Six years ago I scored a 1932 PTHS yearbook on eBay. It was a cheap product that couldn’t begin to match even the annuals of the early 1900s for quality. The resultant blog article also was …
Six years ago I scored a 1932 PTHS yearbook on eBay. It was a cheap product that couldn’t begin to match even the annuals of the early 1900s for quality. The resultant blog article also was longer as length restrictions apparently did not apply. The yearbook was done on a mimeograph machine, on soft paper similar to something from a grade-school art class. The few photos were glossy 2-by-3-inch photo-prints glued to the individual pages. It was bound with staples.
Part of the article is reprinted here for earlier non-readers while I continue to scratch for new material following the year-end holidays.
It was long afterwards that it dawned on me that 1932 was when the Great Depression peaked, the final year of President Herbert Hoover’s administration. FDR would be elected in November. No wonder the students had to produce this traditional keepsake on the cheap. Seniors that year included my aunt Mary June Camfield. My uncle Lyman Camfield also then was a sophomore.
The entire yearbook is a nostalgic, melancholy thing for me, as I shared most of their lifetimes with many of the individuals contained in it. I was only 15 years younger than these ’32 grads, just 13 years younger than the sophomores. That 10th-grade class, for instance, included my uncle Lyman, my very good friend Bud O’Meara and his wife Dorothy (Black), Dan Hill (a Leader partner during my printer devil days there), Arnold Sather, Vic Coster, John Buhler, Leader printer Claude Mitton’s sister Doris, my assistant Scoutmaster Harry Pollard . . . Scattered through other classes I find Frank Norwood, Bill Benedetto, my former neighbor George Blankenship, Peggy Black (Ryan). . .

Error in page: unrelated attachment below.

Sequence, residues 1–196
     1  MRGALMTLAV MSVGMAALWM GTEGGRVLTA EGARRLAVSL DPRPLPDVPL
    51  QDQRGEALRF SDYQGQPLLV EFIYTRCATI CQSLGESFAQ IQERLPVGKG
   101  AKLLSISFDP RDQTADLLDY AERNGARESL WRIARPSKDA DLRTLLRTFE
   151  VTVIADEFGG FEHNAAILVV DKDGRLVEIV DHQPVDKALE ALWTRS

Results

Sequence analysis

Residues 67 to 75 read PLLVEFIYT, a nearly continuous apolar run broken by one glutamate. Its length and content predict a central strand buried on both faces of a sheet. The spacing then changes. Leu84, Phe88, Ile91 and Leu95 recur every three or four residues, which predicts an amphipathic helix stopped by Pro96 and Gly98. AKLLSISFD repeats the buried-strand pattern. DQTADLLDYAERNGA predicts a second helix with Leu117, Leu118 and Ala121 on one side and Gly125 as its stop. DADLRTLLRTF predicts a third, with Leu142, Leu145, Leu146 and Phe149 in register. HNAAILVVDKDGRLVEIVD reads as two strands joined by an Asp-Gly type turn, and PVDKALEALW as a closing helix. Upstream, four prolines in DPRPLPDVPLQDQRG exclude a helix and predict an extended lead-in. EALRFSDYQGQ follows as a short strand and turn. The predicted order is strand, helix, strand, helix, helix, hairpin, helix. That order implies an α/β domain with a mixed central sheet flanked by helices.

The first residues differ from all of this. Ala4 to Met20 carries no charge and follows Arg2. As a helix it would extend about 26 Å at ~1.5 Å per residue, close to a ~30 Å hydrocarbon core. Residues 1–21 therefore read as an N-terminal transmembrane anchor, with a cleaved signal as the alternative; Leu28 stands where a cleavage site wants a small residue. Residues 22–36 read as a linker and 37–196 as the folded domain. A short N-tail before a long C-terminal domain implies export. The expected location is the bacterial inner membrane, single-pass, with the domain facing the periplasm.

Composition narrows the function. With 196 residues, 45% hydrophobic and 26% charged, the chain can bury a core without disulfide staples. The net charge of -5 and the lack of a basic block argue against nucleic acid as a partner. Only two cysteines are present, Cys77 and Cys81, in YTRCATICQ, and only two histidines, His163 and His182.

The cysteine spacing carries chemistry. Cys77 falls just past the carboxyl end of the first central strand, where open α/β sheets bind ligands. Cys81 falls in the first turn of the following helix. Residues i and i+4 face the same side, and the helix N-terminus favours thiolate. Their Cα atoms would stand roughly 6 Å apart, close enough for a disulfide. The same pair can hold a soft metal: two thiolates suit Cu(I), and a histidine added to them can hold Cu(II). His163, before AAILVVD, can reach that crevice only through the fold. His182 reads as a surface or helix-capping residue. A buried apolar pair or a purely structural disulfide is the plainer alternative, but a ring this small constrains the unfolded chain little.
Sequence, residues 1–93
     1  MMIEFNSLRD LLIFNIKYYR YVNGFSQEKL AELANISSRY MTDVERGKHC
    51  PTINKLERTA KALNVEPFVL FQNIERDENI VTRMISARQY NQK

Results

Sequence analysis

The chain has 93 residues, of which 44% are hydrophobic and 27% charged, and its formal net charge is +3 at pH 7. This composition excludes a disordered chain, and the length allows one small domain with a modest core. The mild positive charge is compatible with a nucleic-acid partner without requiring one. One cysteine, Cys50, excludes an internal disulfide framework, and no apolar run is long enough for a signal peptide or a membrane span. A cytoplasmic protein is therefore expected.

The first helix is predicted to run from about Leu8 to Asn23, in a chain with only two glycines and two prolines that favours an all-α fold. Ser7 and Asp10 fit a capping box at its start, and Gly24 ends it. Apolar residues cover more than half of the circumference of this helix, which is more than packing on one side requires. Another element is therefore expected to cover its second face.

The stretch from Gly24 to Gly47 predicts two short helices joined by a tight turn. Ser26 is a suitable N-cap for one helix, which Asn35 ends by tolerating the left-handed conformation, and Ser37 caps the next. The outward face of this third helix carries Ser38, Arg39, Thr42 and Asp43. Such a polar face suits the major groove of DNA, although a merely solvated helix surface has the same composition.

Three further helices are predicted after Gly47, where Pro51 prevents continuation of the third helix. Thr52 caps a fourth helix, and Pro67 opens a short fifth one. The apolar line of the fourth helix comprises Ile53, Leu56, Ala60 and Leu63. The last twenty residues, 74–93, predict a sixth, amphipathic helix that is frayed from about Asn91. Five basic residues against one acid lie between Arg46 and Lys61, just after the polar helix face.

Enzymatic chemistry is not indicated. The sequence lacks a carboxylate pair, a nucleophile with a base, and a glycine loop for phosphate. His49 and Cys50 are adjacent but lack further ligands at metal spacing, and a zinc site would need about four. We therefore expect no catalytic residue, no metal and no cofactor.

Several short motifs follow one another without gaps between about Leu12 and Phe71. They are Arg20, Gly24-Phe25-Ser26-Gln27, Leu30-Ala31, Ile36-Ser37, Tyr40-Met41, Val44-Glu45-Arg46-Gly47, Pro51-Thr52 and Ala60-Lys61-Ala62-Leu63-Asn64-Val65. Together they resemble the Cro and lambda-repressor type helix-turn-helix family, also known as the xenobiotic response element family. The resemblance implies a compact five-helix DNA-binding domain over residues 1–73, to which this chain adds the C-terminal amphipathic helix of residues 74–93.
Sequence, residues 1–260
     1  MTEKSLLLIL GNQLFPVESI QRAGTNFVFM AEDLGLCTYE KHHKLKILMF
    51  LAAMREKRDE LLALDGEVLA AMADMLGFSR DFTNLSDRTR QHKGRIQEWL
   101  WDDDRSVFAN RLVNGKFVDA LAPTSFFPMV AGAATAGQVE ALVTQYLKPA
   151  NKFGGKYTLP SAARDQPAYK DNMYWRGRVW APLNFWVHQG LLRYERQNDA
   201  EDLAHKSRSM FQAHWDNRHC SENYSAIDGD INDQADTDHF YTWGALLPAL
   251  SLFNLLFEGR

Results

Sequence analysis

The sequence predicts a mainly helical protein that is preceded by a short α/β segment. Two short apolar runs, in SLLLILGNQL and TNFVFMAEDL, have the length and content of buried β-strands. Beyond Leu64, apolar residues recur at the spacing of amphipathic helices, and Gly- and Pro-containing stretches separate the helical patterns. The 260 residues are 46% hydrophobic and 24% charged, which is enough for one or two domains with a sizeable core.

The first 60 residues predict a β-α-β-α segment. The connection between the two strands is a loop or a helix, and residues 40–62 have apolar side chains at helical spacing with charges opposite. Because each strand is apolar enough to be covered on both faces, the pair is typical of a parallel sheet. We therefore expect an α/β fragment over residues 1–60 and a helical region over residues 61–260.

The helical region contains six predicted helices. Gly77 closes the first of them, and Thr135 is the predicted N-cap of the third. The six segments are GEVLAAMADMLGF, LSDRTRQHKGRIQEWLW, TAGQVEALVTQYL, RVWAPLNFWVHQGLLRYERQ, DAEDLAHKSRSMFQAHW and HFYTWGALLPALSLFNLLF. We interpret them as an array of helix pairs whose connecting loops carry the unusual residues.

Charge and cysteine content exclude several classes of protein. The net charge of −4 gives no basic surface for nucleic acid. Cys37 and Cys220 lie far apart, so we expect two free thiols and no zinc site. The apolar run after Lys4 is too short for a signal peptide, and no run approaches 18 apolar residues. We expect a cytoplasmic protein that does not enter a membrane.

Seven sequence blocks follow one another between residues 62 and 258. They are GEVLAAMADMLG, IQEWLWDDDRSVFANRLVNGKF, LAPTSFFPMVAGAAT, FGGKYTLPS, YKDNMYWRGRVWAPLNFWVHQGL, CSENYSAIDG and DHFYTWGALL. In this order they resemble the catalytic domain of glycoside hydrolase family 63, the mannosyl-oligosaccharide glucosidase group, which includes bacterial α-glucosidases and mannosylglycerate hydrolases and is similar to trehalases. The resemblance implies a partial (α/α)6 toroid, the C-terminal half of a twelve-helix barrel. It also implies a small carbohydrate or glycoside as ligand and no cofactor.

I can get lost in extended reverie in fondly remembering my interactions with some of those people over so many years as we all aged. It’s a long way from hyperthymesia, but I am blessed/cursed with a keen memory back to my early childhood in 1932. I remember the first name of my father’s friend who came to visit on his motorcycle in that 1932 year. It was Ole. And I helped my mother make home-made strawberry ice cream that winter; there was snow in our back yard up on Willow Street.
Bruce Blevins, who coached during my school years and beyond, and with whom I socialized some during his later years as athletic director, was coaching football, basketball and track in 1932. Superintendent William “Wild Bill” Carder was still there when I reached high school. I took typing from Emma Pringle when I was a sophomore (1944-45) and an elective course in English from Dorothy Meyers when I was a senior. Jean McLean was a lovely sort who mesmerized my small singing class when I was in fourth grade. We performed on the high school stage, and I can still remember the lyrics of the two counter-melodies from 77 years ago .
The football team that year had one of the poorest seasons in PTHS history, scoring just five touchdowns in eight games, being outscored 87-32, winning two, losing five and tying Sequim 0-0. The basketball team fared better, going 8-4 including an 18-17 win over Port Angeles. Most notable times in the Peninsula track meet in Port Angeles were Lennie Sporman’s 10.4 in the 100-yard dash and 24.1 in the 220.
The yearbook was dedicated to the area’s historic mariners and retained a nautical theme throughout. There was a memoriam to two members of the class of ’32 — Wm. Gillen and Willis Hedrick— with no explanatory detail. The page merely quoted Tennyson with “Sunset and evening star and one clear call for me! And may there be no moaning of the bar, when I put out to sea.” I hope you enjoyed fair winds, class of ’32.
Journalism was introduced at PTHS as a curricular subject during the 1931-’32 school year. The year’s highlight April 11, saw the journalism class taking over the editorial reins of the Port Townsend Leader and publishing a 10-page issue of the paper.
The class endeavored to show something of the historical background of Port Townsend. Leader staff assisted and also provided many pictures for the endeavor.
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